There are eight planets in our solar system including Earth. So far, no life as we know it exists on any planet other than our own.
Mercury, the planet closest to the Sun, has almost no atmosphere, and its dusty surface of craters resembles the Moon. The planet was named for the Roman god Mercury, a winged messenger, and it travels around the Sun faster than any other planet. Mercury is difficult to see from Earth—in fact, the famous astronomer Nicolaus Copernicus, for all his years of research and observation, never once was able to see Mercury.
A photo of a section of Mercury's Shakespeare Quadrangle showing remarkably Moon-like craters. Pictures were taken by the Mariner 10 mission, the only spacecraft to visit Mercury so far. The MESSENGER mission, launched in 2004, will reach it in 2011.
- Size: Two-fifths the size of Earth in diameter; second smallest in the solar system
- Diameter: 3,032.4 miles (4,880 km)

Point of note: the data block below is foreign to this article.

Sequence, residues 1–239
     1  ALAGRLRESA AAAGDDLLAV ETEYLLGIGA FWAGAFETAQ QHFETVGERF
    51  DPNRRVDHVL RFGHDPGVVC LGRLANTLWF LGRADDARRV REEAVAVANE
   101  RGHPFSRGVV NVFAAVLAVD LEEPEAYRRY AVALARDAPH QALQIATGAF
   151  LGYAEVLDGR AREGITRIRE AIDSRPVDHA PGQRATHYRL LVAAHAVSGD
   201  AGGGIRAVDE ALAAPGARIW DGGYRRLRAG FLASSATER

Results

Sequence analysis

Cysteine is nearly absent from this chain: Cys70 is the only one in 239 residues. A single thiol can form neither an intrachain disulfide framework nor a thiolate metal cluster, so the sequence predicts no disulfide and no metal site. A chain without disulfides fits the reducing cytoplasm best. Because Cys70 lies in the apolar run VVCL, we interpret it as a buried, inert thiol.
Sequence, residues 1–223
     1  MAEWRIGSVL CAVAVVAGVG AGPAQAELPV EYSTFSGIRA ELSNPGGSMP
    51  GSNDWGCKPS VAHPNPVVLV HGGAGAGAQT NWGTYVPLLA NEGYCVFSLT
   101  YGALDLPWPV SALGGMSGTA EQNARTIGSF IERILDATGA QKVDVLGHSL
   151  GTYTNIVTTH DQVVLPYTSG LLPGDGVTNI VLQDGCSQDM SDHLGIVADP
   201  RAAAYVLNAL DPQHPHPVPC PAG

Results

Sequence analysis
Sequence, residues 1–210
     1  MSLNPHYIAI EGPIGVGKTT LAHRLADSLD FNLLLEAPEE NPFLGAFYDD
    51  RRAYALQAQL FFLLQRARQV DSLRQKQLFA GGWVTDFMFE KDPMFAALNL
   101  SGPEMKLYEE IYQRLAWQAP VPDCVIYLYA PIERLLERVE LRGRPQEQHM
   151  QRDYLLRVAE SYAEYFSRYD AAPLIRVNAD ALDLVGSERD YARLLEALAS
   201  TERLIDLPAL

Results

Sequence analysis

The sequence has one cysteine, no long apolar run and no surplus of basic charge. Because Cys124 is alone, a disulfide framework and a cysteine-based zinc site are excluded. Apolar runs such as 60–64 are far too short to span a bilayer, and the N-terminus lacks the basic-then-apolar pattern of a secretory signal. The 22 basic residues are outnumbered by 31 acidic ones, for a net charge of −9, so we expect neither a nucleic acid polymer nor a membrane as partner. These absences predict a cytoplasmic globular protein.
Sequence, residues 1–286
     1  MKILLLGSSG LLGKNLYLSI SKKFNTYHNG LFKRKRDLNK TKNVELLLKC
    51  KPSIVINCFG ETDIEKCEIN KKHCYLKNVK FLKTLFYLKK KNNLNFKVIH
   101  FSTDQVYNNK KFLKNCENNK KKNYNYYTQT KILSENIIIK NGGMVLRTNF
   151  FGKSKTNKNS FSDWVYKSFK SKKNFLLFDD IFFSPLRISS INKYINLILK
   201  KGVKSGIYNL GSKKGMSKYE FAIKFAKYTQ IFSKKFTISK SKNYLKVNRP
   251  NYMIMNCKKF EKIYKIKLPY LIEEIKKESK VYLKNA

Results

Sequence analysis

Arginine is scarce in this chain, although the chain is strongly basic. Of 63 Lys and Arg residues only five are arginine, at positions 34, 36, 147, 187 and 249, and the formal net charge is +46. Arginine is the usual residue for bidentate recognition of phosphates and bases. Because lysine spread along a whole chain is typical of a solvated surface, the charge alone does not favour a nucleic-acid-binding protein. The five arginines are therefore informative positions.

- Surface: Covered by a dusty layer of minerals (silicates), the surface is made up of plains, cliffs, and craters
- Atmosphere: A thin mixture of helium (95%) and hydrogen
- Temperature: Mercury alternately bakes and freezes, depending on what side is lit by the Sun. The sunlit side can reach up to 950° F (510° C) and the dark side can drop as low as –346° F (–210° C)
- Rotation of its axis: 59 Earth days
- Rotation around the Sun: 88 Earth days
- Your weight: If you weigh 100 pounds on Earth, you would weigh 38 pounds on Mercury.
- Distance from Earth: 57 million miles, at the closest point in its orbit
- Mean Distance from Sun: 36 million miles (57.9 million km)
- Satellites: 0
- Rings: 0
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